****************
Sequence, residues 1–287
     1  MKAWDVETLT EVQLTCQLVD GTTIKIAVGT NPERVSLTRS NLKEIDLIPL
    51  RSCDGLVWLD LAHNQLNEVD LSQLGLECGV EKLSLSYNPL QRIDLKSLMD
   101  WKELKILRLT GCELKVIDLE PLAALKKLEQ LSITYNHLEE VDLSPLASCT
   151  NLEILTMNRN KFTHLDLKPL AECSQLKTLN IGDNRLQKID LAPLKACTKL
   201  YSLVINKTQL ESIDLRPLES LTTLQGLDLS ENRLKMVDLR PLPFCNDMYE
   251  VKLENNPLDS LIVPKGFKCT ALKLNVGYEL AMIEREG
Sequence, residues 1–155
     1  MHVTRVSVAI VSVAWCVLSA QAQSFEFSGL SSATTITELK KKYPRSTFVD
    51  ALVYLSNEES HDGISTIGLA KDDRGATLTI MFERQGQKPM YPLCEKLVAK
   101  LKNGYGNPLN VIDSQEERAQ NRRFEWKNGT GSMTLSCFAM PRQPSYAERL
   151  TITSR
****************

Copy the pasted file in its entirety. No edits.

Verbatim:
Sequence, residues 1–287
     1  MKAWDVETLT EVQLTCQLVD GTTIKIAVGT NPERVSLTRS NLKEIDLIPL
    51  RSCDGLVWLD LAHNQLNEVD LSQLGLECGV EKLSLSYNPL QRIDLKSLMD
   101  WKELKILRLT GCELKVIDLE PLAALKKLEQ LSITYNHLEE VDLSPLASCT
   151  NLEILTMNRN KFTHLDLKPL AECSQLKTLN IGDNRLQKID LAPLKACTKL
   201  YSLVINKTQL ESIDLRPLES LTTLQGLDLS ENRLKMVDLR PLPFCNDMYE
   251  VKLENNPLDS LIVPKGFKCT ALKLNVGYEL AMIEREG
Sequence, residues 1–155
     1  MHVTRVSVAI VSVAWCVLSA QAQSFEFSGL SSATTITELK KKYPRSTFVD
    51  ALVYLSNEES HDGISTIGLA KDDRGATLTI MFERQGQKPM YPLCEKLVAK
   101  LKNGYGNPLN VIDSQEERAQ NRRFEWKNGT GSMTLSCFAM PRQPSYAERL
   151  TITSR